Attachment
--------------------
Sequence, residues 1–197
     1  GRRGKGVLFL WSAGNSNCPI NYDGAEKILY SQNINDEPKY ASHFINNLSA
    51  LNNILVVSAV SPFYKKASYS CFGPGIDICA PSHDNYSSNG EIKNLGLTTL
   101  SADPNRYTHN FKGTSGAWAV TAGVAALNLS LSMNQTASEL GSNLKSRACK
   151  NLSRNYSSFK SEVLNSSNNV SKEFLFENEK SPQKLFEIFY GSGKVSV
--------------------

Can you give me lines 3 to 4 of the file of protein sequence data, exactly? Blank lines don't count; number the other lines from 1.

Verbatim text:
    51  LNNILVVSAV SPFYKKASYS CFGPGIDICA PSHDNYSSNG EIKNLGLTTL
   101  SADPNRYTHN FKGTSGAWAV TAGVAALNLS LSMNQTASEL GSNLKSRACK